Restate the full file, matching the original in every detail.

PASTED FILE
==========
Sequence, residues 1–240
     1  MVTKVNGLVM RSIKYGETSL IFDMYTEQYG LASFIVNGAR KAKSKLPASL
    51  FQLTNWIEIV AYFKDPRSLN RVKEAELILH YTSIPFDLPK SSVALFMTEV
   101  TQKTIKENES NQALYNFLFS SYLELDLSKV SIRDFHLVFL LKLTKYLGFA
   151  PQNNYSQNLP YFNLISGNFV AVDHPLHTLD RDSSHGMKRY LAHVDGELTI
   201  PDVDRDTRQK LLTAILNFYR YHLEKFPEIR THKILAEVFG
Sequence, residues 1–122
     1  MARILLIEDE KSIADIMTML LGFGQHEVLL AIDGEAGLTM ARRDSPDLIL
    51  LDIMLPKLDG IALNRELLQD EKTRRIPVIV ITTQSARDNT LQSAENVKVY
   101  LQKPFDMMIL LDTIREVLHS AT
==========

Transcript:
Sequence, residues 1–240
     1  MVTKVNGLVM RSIKYGETSL IFDMYTEQYG LASFIVNGAR KAKSKLPASL
    51  FQLTNWIEIV AYFKDPRSLN RVKEAELILH YTSIPFDLPK SSVALFMTEV
   101  TQKTIKENES NQALYNFLFS SYLELDLSKV SIRDFHLVFL LKLTKYLGFA
   151  PQNNYSQNLP YFNLISGNFV AVDHPLHTLD RDSSHGMKRY LAHVDGELTI
   201  PDVDRDTRQK LLTAILNFYR YHLEKFPEIR THKILAEVFG
Sequence, residues 1–122
     1  MARILLIEDE KSIADIMTML LGFGQHEVLL AIDGEAGLTM ARRDSPDLIL
    51  LDIMLPKLDG IALNRELLQD EKTRRIPVIV ITTQSARDNT LQSAENVKVY
   101  LQKPFDMMIL LDTIREVLHS AT